Lessons from ‘The Longevity Plan’

This book was the one which started my note-taking habit. There was just so much interesting and useful information that I wanted to be able to remember it. I read it, then I read it again and took notes.

The main author is Dr John D. Day, who is a cardiologist and speaker of Mandarin, along with his wife Jane Ann Day and Matthew LaPlante.

He went to study a village in China where a disproportionate amount of people live to one hundred or more.

General message: if we apply the principles they live by/their way of life to our lives we will be healthier and happier.

Seven principles:

  1. Eat Good Food
  2. Master Your Mindset
  3. Build Your Place in a Positive Community
  4. Be in Motion
  5. Find Your Rhythm
  6. Make the Most of Your Environment
  7. Proceed with Purpose

So here’s the first one:

Eat Good Food

Surround yourself with food that is good for you

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As you are reading this I would guess that you have more than likely surrounded yourself with food that is not good for you. We all do it, those bars of chocolate and packets of crisps and biscuits stashed in the cupboard ready for the post-lunch dip. Unless you have a great level of willpower then at some point you will eat them. In order to surround yourself with food that is good for you then you need to clear your cupboards of junk food. Maybe it feels wasteful to throw food out. You could give it to a food bank instead. Then, fill the cupboards with healthy food. When you are peckish and bored at three o’clock in the afternoon you won’t be able to munch through that packet of biscuits as they won’t be there anymore.  You just have a handful of nuts or an apple with some peanut butter to eat.

Eat unrefined grains

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We all know this – brown rice, bread, pasta, etc. The low carb movement has increased in popularity recently and many people try to reduce the amount of grains they are consuming as a route to weight loss. On the BBC Food Programme in 2018 the issue of fibre was discussed and the view that without these carbohydrates we wouldn’t consume enough fibre. Apparently, there are many types of fibre and just eating vegetables does not provide the full range. If you do choose to each grains, and Dr Day says that we should, they should be whole grains.  An alternative is the recent ‘pasta’ products that have appeared on the shelf in some supermarkets which are made of red lentils or green split peas.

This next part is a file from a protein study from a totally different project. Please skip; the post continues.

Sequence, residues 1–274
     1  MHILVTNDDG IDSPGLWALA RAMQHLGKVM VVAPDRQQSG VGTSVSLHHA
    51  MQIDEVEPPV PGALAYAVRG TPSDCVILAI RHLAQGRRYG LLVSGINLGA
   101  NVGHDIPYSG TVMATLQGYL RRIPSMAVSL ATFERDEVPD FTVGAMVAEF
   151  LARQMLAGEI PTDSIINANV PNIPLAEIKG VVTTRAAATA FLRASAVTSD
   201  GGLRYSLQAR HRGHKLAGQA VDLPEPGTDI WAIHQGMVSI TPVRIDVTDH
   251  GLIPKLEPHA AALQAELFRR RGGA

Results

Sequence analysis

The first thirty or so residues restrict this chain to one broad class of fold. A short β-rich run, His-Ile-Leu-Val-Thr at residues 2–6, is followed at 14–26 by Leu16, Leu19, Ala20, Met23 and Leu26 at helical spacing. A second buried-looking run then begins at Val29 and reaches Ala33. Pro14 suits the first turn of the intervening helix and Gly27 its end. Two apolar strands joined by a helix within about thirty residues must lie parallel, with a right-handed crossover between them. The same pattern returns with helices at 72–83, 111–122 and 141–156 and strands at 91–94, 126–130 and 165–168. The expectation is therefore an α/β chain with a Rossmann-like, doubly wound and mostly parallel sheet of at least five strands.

Eat one portion of fruit and two portions of vegetables at every meal

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In the UK we are advised to eat five portions of fruit and vegetables a day, but Dr Day recommends two portions of vegetables and one portion of fruit with every meal. If, like many people, you’re struggling with this it may be because for most people breakfast rarely features vegetables. That’s where everyone goes wrong. We have moved away from the unhealthy fry up to ‘healthier’ cereals, but in fact we are eating dessert for breakfast. Muesli, followed by toast with jam, washed down with a glass of juice is just sugar, then sugar with sugar on top, accompanied by liquid sugar. What we should be eating and what would make getting those veggies in before midday easier is having some eggs to start the day. My accompanying veggies of choice are mushrooms, avocado and sweet potato. You may be thinking that you don’t have time to made a cooked breakfast, but how long does it really take to scramble some eggs? Cooking the mushrooms may take a little longer and I would suggest steaming the sweet potato on a day when you have plenty of time and then reheating the leftovers on subsequent days. You should be able to cook and eat your breakfast within 20-30 minutes.

Eat nuts and pumpkin seeds                           

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According to Dr Day nuts help to maintain a healthy weight, prevent cardiovascular disease and fight back premature death – lofty claims!  Pumpkin seeds are even better – a superfood no less! Historically nuts were avoided, and still are by some, due to being high in fat. Their promotion now is because is it recognised that we need fat and apparently nuts are full of ‘good fats’ – not sure exactly what this means, but eating a handful a day is considered good for us. The fat also keeps you full, as opposed to a biscuit which lasts a couple of seconds and makes you feel hungrier in the long run rather than satiated. Buying five cute plastic containers and filling them with a daily portion of pumpkin seeds and nuts on a Sunday will make sticking to this easy. You won’t have to think about it each morning, just put the pot in your bag before you go out of the door and you’re all set.

One portion of lentils/beans, every day